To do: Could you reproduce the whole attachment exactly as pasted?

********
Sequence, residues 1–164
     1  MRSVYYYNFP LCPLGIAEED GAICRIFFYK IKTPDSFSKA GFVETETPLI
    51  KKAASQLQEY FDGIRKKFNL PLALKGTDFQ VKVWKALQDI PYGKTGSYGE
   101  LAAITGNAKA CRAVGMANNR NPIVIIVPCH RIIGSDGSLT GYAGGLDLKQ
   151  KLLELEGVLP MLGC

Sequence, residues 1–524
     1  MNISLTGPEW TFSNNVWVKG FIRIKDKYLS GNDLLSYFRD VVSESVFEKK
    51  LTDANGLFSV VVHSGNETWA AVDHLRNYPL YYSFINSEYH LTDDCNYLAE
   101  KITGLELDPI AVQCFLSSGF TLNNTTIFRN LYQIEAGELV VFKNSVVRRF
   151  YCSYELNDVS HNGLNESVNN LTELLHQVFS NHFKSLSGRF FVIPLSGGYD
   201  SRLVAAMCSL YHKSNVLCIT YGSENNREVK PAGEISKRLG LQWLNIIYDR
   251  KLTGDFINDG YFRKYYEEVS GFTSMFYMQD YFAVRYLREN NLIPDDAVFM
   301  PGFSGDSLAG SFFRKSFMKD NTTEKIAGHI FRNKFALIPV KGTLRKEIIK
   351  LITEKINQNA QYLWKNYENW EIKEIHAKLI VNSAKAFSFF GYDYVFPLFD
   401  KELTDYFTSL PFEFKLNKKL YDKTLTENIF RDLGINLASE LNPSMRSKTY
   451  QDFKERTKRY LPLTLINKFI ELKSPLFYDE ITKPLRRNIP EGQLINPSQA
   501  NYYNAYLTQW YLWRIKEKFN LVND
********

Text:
Sequence, residues 1–164
     1  MRSVYYYNFP LCPLGIAEED GAICRIFFYK IKTPDSFSKA GFVETETPLI
    51  KKAASQLQEY FDGIRKKFNL PLALKGTDFQ VKVWKALQDI PYGKTGSYGE
   101  LAAITGNAKA CRAVGMANNR NPIVIIVPCH RIIGSDGSLT GYAGGLDLKQ
   151  KLLELEGVLP MLGC

Sequence, residues 1–524
     1  MNISLTGPEW TFSNNVWVKG FIRIKDKYLS GNDLLSYFRD VVSESVFEKK
    51  LTDANGLFSV VVHSGNETWA AVDHLRNYPL YYSFINSEYH LTDDCNYLAE
   101  KITGLELDPI AVQCFLSSGF TLNNTTIFRN LYQIEAGELV VFKNSVVRRF
   151  YCSYELNDVS HNGLNESVNN LTELLHQVFS NHFKSLSGRF FVIPLSGGYD
   201  SRLVAAMCSL YHKSNVLCIT YGSENNREVK PAGEISKRLG LQWLNIIYDR
   251  KLTGDFINDG YFRKYYEEVS GFTSMFYMQD YFAVRYLREN NLIPDDAVFM
   301  PGFSGDSLAG SFFRKSFMKD NTTEKIAGHI FRNKFALIPV KGTLRKEIIK
   351  LITEKINQNA QYLWKNYENW EIKEIHAKLI VNSAKAFSFF GYDYVFPLFD
   401  KELTDYFTSL PFEFKLNKKL YDKTLTENIF RDLGINLASE LNPSMRSKTY
   451  QDFKERTKRY LPLTLINKFI ELKSPLFYDE ITKPLRRNIP EGQLINPSQA
   501  NYYNAYLTQW YLWRIKEKFN LVND